Evidence tampering: What it means to the Patrick Kane rape case

SI.com's legal expert Michael McCann discusses the ramifications of evidence tampering in the Patrick Kane rape case. 
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We spoke with SI.com’s legal expert Michael McCann to get his thoughts on Wednesday’s bombshell revelation that key evidence in the sexual assault investigation of Chicago Blackhawks star Patrick Kane had been tampered with and that packaging from the rape kit had been left in the doorway of the alleged victim’s mother’s home.

Here’s McCann’s insight into how this could impact the ongoing investigation and what could happen next:

SI.com: What do these developments mean to the case against Kane? How does the case proceed after this? In fact, can it proceed?

Michael McCann: This is a significant development on at least four levels.

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First, assuming the [packaging] sent to the mom of the accuser is in fact genuine, it [suggests] tainted evidence. Should the case go to trial, the rape kit can still be deemed admissible but the judge would warn jurors that it may have been contaminated by tampering. Jurors would then be instructed that they can consider possible tampering in how much weight they assign to this evidence. Published reports indicate the kit does not establish that Kane committed rape. If true, it could serve as evidence that helps to exonerate him. This development, however, means jurors may assign less weight to the kit and that would work against Kane.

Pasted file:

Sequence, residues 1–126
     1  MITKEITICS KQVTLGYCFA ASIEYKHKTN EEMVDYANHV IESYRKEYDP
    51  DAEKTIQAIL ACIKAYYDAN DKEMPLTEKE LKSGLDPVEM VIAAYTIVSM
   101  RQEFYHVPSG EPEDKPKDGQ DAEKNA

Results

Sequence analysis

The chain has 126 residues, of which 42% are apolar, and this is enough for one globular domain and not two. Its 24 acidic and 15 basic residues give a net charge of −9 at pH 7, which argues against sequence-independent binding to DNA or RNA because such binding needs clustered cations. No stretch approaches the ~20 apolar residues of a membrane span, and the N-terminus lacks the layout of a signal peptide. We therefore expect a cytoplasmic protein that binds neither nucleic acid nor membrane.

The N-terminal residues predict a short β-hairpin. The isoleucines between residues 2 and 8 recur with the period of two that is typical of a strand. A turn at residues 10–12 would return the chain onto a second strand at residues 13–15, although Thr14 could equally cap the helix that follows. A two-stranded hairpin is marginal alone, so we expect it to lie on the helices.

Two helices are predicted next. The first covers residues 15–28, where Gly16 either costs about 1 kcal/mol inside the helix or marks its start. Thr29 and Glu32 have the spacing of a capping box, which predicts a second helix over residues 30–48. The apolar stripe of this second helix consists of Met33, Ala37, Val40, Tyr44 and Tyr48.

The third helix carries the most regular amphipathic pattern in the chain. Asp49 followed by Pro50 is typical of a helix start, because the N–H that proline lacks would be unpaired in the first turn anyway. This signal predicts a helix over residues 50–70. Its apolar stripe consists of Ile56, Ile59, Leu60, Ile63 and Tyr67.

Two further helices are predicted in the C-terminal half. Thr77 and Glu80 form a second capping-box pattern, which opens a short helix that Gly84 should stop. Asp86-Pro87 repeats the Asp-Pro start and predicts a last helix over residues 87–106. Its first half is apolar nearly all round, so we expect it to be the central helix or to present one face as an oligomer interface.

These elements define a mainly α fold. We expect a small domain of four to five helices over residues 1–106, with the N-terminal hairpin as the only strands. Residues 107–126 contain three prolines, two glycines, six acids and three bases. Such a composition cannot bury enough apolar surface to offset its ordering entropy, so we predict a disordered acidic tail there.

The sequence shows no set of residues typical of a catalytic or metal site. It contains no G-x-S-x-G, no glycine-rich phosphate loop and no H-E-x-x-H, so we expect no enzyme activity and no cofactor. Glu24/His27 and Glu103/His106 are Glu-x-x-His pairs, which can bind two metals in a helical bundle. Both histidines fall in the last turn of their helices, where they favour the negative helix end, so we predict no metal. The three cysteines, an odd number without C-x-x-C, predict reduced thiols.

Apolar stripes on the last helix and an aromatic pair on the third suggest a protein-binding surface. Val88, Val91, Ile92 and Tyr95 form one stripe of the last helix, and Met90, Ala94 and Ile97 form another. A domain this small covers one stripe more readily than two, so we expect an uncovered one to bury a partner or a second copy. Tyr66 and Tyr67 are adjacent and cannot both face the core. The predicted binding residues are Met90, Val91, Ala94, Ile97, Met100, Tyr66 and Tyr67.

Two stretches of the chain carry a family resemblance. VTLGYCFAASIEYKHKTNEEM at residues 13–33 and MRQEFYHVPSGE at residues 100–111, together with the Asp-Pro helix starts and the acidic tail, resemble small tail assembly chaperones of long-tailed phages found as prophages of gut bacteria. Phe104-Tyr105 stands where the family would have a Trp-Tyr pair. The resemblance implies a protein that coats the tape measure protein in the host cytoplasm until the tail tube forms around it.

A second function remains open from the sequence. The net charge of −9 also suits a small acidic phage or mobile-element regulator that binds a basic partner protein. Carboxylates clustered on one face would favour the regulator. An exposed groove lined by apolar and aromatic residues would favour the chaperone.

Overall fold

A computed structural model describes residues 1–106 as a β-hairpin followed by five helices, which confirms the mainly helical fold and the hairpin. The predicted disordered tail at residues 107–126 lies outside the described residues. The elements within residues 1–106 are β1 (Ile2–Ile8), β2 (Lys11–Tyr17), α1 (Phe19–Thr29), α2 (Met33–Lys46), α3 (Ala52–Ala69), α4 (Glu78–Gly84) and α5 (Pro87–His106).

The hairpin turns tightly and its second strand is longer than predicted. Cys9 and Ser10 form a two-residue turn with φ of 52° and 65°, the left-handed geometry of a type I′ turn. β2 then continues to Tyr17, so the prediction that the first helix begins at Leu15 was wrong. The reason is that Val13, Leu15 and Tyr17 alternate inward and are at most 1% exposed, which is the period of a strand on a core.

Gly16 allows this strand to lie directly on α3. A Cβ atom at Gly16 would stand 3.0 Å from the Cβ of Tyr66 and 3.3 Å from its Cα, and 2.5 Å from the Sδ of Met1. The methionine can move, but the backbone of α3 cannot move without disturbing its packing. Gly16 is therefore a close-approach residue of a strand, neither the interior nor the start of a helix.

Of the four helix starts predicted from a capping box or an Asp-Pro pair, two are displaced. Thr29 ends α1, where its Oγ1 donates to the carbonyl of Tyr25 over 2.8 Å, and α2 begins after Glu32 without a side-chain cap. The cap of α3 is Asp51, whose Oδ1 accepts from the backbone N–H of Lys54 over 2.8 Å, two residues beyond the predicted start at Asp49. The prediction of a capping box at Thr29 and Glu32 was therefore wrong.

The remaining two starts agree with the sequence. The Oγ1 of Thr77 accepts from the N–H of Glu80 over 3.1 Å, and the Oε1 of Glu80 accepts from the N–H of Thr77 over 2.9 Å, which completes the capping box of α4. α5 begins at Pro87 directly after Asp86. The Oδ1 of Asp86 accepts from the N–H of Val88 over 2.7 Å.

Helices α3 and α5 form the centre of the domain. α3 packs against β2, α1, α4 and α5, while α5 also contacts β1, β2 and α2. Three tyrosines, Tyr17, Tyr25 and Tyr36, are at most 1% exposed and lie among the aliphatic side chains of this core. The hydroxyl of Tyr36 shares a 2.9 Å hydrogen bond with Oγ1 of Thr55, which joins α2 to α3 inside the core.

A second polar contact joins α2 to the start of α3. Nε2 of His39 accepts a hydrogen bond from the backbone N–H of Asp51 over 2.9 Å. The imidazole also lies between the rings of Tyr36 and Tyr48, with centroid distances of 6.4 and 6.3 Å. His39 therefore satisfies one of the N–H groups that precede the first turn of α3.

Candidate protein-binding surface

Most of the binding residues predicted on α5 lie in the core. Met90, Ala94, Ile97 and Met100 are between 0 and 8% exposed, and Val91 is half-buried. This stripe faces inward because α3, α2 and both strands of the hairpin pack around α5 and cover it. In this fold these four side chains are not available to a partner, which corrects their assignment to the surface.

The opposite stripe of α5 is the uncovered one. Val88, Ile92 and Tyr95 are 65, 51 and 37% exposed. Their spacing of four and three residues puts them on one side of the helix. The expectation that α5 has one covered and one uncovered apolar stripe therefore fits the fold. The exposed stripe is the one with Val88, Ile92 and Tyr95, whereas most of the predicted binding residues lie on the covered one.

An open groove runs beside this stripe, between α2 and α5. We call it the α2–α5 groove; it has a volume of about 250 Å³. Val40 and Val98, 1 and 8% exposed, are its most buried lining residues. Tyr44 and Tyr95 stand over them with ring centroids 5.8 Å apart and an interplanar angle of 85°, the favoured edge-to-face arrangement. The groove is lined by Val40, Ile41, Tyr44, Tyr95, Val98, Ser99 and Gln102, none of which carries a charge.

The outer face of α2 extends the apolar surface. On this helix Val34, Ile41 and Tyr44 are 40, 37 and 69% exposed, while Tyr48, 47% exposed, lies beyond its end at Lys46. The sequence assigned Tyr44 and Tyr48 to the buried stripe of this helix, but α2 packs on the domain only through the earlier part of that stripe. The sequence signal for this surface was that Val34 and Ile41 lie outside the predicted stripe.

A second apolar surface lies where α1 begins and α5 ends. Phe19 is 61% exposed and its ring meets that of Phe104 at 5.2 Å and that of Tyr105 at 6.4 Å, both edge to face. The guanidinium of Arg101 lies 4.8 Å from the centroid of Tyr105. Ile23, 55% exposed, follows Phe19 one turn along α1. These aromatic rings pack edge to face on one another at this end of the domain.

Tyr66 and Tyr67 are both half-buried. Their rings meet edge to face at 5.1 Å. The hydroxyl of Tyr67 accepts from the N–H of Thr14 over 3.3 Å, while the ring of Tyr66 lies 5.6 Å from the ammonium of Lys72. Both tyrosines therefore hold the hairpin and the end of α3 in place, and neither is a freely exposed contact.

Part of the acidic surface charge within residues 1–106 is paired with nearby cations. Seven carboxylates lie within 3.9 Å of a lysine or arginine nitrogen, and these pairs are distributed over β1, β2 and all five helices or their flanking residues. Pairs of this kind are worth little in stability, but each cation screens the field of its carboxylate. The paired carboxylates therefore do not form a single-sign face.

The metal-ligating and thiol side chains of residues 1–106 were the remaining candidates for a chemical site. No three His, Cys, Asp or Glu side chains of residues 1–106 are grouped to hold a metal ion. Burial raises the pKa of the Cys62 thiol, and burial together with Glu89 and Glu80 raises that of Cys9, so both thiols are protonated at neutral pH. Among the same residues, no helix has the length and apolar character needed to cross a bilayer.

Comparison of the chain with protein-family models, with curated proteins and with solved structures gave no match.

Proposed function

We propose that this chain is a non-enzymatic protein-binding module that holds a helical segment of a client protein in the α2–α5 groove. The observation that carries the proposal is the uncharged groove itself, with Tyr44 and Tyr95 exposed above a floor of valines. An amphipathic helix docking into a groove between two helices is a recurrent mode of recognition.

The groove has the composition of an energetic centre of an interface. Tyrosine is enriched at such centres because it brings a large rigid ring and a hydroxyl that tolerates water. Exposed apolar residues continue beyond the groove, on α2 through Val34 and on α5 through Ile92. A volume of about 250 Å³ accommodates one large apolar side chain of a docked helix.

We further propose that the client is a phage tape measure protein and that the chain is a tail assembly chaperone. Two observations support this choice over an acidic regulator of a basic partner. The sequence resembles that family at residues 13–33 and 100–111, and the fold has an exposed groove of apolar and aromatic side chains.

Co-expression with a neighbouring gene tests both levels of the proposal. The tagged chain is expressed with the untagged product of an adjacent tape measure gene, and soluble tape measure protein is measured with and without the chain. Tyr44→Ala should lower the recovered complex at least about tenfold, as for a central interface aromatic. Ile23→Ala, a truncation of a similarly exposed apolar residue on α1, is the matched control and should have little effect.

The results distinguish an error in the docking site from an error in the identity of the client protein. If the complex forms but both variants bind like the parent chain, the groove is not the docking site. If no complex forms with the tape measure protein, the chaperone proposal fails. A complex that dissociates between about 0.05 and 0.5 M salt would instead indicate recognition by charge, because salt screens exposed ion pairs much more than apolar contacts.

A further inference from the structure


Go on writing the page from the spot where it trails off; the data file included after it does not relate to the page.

Second, Kane’s attorney, Paul Cambria, will likely now demand that the investigation into his client be dropped. For starters, he has already told media that a tampered kit would prevent him and his expert witnesses from independently testing it. This raises a procedural question of fairness and could convince prosecutors to drop the case. If Kane is later convicted of a crime, Cambria would also have a stronger argument for an appeal because he would claim that jurors were misled by faulty evidence.

More generally, Cambria can now argue that the investigation has been compromised by unlawful and unethical conduct by those who are entrusted with crucial pieces of evidence and thus any evidence can be doubted. If prosecutors ultimately charge Kane with a crime, Cambria would consistently remind jurors that evidence, while under the watch of Hamburg (NY) Police Chief Gregory G. Wickett and Erie County District Attorney Frank A. Sedita III, fell into the hands of the accuser’s mother. Cambria would thus try to discredit the entire case.